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Wood Ink and Paper af Gerard Brender à…
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Wood Ink and Paper (udgave 1980)

af Gerard Brender à Brandis (Forfatter), Gerard Brender à Brandis (Illustrator)

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553371,216 (4.25)Ingen
Brings together more than seventy woodcuts and an introduction by the artist. This book emphasises nature and the small size of the woodcuts with the accompanying feeling on compactness and economy, and suggests an affinity to the Japanese haiku.
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Recently as the depths of winter brought my spirit down, I turned to an old favourite that I had often looked but never reviewed. Portraits of Flowers showcases the engravings of Gerard Brender à Brandis with the words of noted gardening enthusiast Patrick Lima.

http://wp.me/p46Ewj-Q ( )
  steven.buechler | Jan 10, 2014 |
As the race to 'computerized' and 'digitize' every word and thought occurs around us, it is interesting to take a few quiet moments to look and reflect on something that is well-crafted, tactile and thought-out. Engravers and printers seem to have perfected their art to appeal to people who appreciate those senses. And An Artist's Garden by G. Brender a Brandis is a prime example of a book that works to appeal to those senses.

Page 8-9
Two of the words I hear them apply to my prints astonish me: 'realistic' and 'photographic'. I am surprised at this because I think of my work as being very abstract. I perceive a three-dimensional and coloured world and reduce it to black-and-white patterns on two-dimensional paper. This is something like music heard and then reduced to a score set down on paper. And viewers of my prints, like musicians who can reconstitute the score into music in their heads, can read my images and imagine something close to the subject I experienced at the start of my creative exercise. The process I go through as I create an image remains largely mysterious to me, but I do know that it is far from merely registering, as accurately as possible, the material presented to my eye. I change many lines to satisfy my sense of design, I invent textures that will, I hope suggest the surfaces of the objects before me, and I create systems of light and shadow that will best reveal the fragment of the world I have chosen to depict. What pleases me is that the image I offer the viewers challenges them, like musicians faced with a score, to engage in a creative process of their own, filling out the image with remembered experience. Turning my white dots and dashes into the shimmering, iridescent wings of a dragonfly - and believing in their own conjuring - is the necessary corollary to my process of abstraction. That people are so ready to enter into this give-and-give game fills me with wonder and gratitude. It is very reminiscent of the colouring books of childhood, those invitations to fill the spare outlines with our own sense of the plausible or the fantastic. It is sad that colouring books were so often misused to train young minds into a banal obedience to convention. It is a source of joy to see adults looking at my work and beginning to play.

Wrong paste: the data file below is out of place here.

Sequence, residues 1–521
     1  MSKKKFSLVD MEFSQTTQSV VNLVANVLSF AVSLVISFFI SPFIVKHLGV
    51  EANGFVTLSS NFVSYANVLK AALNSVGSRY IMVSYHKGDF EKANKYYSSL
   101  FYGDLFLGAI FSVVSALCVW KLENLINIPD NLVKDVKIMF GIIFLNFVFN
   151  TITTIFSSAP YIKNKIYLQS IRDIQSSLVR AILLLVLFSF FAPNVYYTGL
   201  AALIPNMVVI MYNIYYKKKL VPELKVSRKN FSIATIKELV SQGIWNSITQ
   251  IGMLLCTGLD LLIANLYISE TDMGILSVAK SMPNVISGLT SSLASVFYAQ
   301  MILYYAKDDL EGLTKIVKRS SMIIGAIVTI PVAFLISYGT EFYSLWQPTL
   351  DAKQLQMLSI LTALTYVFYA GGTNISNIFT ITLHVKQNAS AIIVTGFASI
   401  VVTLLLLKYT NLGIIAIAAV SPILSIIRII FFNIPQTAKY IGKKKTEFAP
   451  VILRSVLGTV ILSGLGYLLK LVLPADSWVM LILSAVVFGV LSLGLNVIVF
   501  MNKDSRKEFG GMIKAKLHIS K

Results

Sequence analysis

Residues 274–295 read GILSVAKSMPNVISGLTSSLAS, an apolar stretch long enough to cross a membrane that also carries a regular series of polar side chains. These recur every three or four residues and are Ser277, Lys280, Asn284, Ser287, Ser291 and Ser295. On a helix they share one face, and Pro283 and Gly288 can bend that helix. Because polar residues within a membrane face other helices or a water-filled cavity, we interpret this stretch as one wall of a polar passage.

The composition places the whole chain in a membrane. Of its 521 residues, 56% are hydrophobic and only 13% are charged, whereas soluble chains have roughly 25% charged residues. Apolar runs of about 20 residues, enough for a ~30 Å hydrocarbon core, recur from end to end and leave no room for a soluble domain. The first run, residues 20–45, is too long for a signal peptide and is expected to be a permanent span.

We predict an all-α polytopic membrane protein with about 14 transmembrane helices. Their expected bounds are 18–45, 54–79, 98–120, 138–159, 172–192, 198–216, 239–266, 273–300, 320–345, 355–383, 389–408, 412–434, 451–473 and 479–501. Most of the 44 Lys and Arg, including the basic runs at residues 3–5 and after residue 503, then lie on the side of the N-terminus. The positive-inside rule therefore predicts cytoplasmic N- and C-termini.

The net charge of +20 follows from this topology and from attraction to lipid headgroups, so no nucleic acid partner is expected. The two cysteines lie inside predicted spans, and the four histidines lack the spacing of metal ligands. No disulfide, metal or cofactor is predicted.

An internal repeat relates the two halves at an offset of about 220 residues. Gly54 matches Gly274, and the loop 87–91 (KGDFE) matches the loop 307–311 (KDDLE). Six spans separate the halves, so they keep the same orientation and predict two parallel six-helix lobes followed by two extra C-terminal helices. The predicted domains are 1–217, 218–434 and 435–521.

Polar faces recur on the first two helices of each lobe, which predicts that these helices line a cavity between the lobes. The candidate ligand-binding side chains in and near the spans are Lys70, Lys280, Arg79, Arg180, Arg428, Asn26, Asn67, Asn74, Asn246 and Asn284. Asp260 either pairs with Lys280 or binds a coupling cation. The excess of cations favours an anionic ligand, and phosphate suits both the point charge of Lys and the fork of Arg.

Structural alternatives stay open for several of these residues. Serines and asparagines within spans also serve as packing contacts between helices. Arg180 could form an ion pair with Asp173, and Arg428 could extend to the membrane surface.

Link to my complete review ( )
  steven.buechler | Oct 6, 2013 |
Although I am, in some small way, a “student of the complexities of nature’s creations,”* as I have studied herbology, my main interest is in wild medicinal plants, so I wasn’t familiar with many of the plants illustrated here. And I don’t really know anything about wood engraving. Disclaimers aside, this is a beautiful book: I love the texture of the book’s cover (which I can’t help stroking every time I pick it up), and the woodcuts themselves are intricate and lovely. A few of them seem too small to do justice to the details of the engravings, but for the most part I felt like I could spend hours gazing at each of them, marvelling at Brender à Brandis’s skill and meditating on each plant. My favourites are the pussy willow (which is actually on the dedication page), a small and delicate woodcut that so clearly bursts with life, and the Bird of Paradise, which has captured the paradoxical elegance and gawkiness of this amazing plant (and which also happens to be the largest illustration in the book). One small quibble: being a bit of a purist, I was disappointed that “FoXglove” was used to illustrate the letter X. (Are there no plants with names that start with X?)

*According to the blurb on the back of this book, “This collection is intended both for the student of the complexities of nature’s creations and the patron of the intricate art of wood engraving.”

A slightly different version of this review can be found on my blog, she reads and reads. ( )
1 stem avisannschild | Jan 30, 2009 |
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Brings together more than seventy woodcuts and an introduction by the artist. This book emphasises nature and the small size of the woodcuts with the accompanying feeling on compactness and economy, and suggests an affinity to the Japanese haiku.

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